Although you need at least 130 grams of carbs per day to stay healthy, according to the Institute of Medicine, dropping your current carb intake—when coupled with an increased protein intake--may help you shed excess pounds. Protein helps increase satiety more than carbs or fat, according to an article published in 2008 in the “American Journal of Clinical Nutrition.” A study published in 2012 in “Physiology and Behavior,” reports that reduced-calorie weight loss diets are effective because of the high-protein component, not the low-carb component of the diet. However, reducing your carb intake can allow you to increase your protein intake without overeating.
Meat, Poultry and Fish
Grilled or baked, un-breaded lean meat, poultry and fish contain almost no carbohydrates. In fact, the U.S. Department of Agriculture Nutrient Data Laboratory reports that one raw chicken breast without the skin and 3 ounces of raw Atlantic salmon actually contain no carbohydrates at all. But, breading will add some carbs to your menu. Due to the protein content, lean meat, poultry and fish make excellent additions to low-carb, high-protein diets. However, don’t exceed 35 percent of your calorie intake from protein, according to the Institute of Medicine.
Pure fats, such as vegetable oils, are carb-free. Even lard, an unhealthy fat, contains zero carbs. However, other healthy foods rich in fats do contain some carbs -- usually about 5 grams per serving. Examples include nuts, seeds, peanut butter and hummus. These healthy fats are also good sources of dietary protein.
Some Dairy Foods
Milk, yogurt and kefir are carb-rich dairy foods you should consume in moderation when going low-carb. However, cottage, regular and reduced-fat cheeses all contain about 5—or fewer—grams of carbs per serving. For example, the USDA reports that 1 cup of 1 percent, low-fat cottage cheese contains about 6 grams of carbs, and one slice of reduced-fat, provolone cheese provides you with less than 1 gram of carbohydrate. These foods are all rich in protein.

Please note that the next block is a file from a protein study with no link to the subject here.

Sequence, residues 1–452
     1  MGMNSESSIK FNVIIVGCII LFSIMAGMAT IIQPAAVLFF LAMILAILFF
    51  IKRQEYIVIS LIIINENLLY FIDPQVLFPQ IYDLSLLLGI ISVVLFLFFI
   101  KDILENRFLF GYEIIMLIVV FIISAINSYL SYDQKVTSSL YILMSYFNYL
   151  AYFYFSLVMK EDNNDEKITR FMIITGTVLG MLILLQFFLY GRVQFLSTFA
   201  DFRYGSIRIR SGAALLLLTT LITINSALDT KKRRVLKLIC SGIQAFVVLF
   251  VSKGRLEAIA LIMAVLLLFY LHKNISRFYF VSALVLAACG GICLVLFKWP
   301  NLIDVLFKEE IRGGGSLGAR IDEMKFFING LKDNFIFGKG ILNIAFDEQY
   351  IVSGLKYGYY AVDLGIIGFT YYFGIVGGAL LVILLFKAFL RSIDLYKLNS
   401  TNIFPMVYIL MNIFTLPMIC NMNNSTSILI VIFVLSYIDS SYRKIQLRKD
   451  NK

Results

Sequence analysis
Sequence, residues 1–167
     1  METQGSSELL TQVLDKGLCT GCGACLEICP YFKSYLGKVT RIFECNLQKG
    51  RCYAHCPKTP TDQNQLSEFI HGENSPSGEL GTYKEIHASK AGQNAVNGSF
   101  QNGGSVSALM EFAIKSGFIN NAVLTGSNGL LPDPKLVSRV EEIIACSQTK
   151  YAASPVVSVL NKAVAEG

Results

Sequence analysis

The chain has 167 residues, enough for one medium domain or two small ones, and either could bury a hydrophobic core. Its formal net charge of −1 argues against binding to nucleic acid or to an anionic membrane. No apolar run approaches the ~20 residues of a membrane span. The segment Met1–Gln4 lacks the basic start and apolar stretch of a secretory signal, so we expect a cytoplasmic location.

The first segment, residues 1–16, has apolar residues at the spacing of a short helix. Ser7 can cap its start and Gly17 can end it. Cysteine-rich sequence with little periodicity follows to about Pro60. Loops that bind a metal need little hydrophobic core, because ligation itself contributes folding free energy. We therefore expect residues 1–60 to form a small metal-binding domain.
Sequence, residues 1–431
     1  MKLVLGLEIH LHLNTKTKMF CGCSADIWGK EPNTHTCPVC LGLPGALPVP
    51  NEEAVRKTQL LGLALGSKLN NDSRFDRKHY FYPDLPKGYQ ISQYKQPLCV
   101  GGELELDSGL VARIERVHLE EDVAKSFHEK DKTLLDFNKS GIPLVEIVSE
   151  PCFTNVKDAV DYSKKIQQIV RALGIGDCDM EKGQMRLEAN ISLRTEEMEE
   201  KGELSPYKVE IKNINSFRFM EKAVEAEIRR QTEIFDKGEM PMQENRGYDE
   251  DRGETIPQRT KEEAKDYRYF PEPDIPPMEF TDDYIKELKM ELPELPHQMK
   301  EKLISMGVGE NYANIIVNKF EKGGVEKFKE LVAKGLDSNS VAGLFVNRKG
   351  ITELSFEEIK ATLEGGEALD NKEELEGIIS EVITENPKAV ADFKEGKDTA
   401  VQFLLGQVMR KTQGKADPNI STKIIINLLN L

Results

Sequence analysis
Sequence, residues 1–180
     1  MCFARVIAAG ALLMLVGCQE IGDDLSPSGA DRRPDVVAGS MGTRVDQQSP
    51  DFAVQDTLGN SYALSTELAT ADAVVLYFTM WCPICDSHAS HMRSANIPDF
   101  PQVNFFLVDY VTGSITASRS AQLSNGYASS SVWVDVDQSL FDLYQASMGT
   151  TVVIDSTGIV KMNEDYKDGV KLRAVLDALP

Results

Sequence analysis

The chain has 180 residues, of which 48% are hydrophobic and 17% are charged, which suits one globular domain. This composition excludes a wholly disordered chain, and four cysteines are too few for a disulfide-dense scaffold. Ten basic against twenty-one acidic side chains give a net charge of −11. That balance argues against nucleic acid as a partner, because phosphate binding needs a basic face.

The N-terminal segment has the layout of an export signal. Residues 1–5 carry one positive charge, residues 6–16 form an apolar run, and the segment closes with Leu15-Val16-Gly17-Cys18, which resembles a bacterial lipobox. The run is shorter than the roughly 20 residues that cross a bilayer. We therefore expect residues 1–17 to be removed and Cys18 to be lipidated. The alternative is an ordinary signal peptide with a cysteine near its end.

Some vegetables, such as peas, corn and potatoes, are high-carb foods that will significantly boost your carb intake. However, non-starchy vegetables can fill you up without the extra carbs—or calories; they contain about 5 grams of carbs per serving. Examples include leafy greens, spinach, broccoli, cauliflower, celery, tomatoes, mushrooms and cucumbers.
- Physiology and Behavior: Relatively High-Protein or 'Low-Carb' Energy-Restricted Diets for Body Weight Loss and Body Weight Maintenance?
- American Journal of Clinical Nutrition: Protein, Weight Management and Satiety
- U.S. Department of Agriculture Nutrient Data Laboratory: Nutrient Data for 05062, Chicken, Broilers or Fryers, Breast, Meat Only, Raw
- U.S. Department of Agriculture Nutrient Data Laboratory: Nutrient Data for 15076, Fish, Salmon, Atlantic, Wild, Raw
- Institute of Medicine: Dietary Reference Intakes: Macronutrients
- U.S. Department of Agriculture Nutrient Data Laboratory: Nutrient Data for 01016, Cheese, Cottage, Lowfat, 1% Milkfat
- U.S. Department of Agriculture Nutrient Data Laboratory: Nutrient Data for 01208, Cheese, Provolone, Reduced Fat
Erin Coleman is a registered and licensed dietitian. She also holds a Bachelor of Science in dietetics and has extensive experience working as a health writer and health educator. Her articles are published on various health, nutrition and fitness websites.